robin@rt480:/home/robin/Projects/testsnap$ ./testsnap 

(The testsnap binary simply contains echo $PATH)

This caused me no end of confusion for a while. I assume this is a bug?

When you launch a snap application, it’ll execute an “adapter” script installed by Snapcraft to set the appropriate PATHs and other environment variables
, currently when you run snap run --shell this process won’t happen unless you’re using the full adapter.

Thanks for helping me understand a bit better.

But this still feels like a very jarring broken experience. I’m not going to say whether the fix would be to run the “adapter” script when running --shell or something else.

Do you think I should file this as an issue against snapd or snapcraft?

This should no longer be a problem after you set the apps._app_name_.adapter property to full (which should be the default in future Snapcraft).

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Ah so you’re saying this will soon work intuitively out of the box? Any idea when that might land?

you’re saying this will soon work intuitively out of the box?

Well that’s what documented in the source comments, I have no idea when it will really be a thing.

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Thanks for the heads up, I’ve updated the description.

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it may be just that I missed it, but I’m thinking I could use an env variable that provides a USER_DATA_PATH with the “current” snap revision ‘wildcard’ in it.

I would be using whatever it returns as a basis for constructing a default for a user-modifiable path setting in my app, that works across revisions of my snap.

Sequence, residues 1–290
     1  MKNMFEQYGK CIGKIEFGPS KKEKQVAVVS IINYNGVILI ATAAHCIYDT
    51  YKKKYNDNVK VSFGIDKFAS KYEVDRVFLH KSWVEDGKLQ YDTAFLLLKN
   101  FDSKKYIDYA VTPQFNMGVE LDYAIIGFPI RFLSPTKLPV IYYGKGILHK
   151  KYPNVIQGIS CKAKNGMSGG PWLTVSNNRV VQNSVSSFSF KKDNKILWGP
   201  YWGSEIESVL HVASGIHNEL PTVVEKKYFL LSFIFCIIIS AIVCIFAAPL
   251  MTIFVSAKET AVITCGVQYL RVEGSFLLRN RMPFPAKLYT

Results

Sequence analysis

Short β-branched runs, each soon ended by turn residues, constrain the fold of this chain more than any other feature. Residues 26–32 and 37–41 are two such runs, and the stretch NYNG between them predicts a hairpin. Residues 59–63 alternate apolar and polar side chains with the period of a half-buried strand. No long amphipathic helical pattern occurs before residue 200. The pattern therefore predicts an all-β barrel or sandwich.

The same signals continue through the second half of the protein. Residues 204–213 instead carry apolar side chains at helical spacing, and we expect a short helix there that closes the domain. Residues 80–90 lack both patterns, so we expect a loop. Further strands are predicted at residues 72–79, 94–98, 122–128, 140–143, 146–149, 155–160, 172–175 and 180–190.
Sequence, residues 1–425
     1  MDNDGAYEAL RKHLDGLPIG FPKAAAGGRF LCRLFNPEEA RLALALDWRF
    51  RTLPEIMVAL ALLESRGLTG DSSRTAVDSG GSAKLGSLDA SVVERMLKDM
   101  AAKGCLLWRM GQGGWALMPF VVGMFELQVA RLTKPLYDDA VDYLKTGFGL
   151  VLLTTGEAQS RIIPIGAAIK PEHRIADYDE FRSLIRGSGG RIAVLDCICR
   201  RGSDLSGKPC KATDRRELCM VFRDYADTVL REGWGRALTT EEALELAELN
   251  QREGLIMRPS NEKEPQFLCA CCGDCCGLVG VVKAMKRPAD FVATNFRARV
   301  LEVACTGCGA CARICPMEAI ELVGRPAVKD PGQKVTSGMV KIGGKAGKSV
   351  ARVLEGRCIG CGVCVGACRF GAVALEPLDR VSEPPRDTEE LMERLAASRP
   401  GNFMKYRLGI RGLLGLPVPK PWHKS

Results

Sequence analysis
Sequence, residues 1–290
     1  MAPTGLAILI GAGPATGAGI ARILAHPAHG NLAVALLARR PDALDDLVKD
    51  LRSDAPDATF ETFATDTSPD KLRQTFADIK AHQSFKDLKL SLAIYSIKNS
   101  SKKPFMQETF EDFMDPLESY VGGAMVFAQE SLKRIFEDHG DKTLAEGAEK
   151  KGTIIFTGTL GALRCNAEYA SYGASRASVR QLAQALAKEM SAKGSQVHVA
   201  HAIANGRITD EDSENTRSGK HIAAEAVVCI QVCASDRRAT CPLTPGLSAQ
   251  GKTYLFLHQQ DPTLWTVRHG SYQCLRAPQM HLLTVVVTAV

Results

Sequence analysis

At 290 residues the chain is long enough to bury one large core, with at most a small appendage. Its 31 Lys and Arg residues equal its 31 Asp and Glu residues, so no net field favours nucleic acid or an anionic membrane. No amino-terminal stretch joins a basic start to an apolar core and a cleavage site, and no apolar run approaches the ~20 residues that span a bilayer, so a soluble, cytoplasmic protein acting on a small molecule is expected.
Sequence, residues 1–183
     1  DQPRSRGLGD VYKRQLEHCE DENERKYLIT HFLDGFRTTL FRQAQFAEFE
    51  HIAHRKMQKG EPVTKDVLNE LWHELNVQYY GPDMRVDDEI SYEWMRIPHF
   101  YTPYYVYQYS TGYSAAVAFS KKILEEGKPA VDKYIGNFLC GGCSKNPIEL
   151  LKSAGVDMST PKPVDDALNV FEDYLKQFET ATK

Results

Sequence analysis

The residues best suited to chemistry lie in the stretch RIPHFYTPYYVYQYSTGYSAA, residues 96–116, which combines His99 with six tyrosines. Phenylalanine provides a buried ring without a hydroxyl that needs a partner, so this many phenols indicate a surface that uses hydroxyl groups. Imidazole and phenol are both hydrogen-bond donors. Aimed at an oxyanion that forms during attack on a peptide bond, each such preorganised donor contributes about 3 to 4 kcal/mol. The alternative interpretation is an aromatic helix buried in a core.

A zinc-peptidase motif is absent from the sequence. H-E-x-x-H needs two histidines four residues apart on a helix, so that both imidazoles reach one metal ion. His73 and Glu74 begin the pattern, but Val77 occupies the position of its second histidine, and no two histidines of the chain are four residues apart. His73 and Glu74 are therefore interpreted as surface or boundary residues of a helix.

(So I’d “typically” like to construct the


path instead of the


since /home/username/snap/snapname/x123/mystuffgoeshere/ becomes inaccessible after a snap refresh, and the path should update to /home/username/snap/snapname/x124/mystuffgoeshere/, which then feels dodgy if done automagically)

and I guess I need


as a basis. Is there an envrionment variable now to provide that? Is there a best practice to construct the value if not (I’ll likely do some string replacement for starters), and shouldn’t there be a variable/recipe?

Or is it just a stupid question, do such values pose a risk I didn’t spot at first?

Thank you!

From the entry for SNAP_LIBRARY_PATH:

" The value is always /var/lib/snapd/lib/gl:"

For my test (hello-world) snap, it’s slightly more involved:


Not sure if that distinction needs to be clarified.

The inconsistency is due to the code change in the subsequent snapd releases, the content will likely not be stable and would need to be updated time-to-time.

We probably should just point to the source code where this variable is determined instead of duplicating them in the documents.

That sounds reasonable.

There’s a grammar mistake in SNAP_COMMON:

“Unlike SNAP_DATA this directory does is not backed up”

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Fixed - thank you for letting us know!

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It’s pretty cool to be able to list these environment variables, but how can we edit them? I want to pass a specific JAVA_HOME to gradle, but I have a hard time finding any information about this in the documentation…

Thanks for asking this question. I’ll try to make this information easier to find, but you should be able to pass a specific JAVA_HOME using build-environment within the part, eg:

    plugin: gradle
      - JAVA_HOME: /usr/lib/jvm/java-11-openjdk-amd64

This behaviour is briefly discussed here:

Another useful tip is to search GitHub for projects trying to do the same thing: https://github.com/search?q=filename%3Asnapcraft.yaml+%22plugin%3A+gradle%22+%22JAVA_HOME%22&type=Code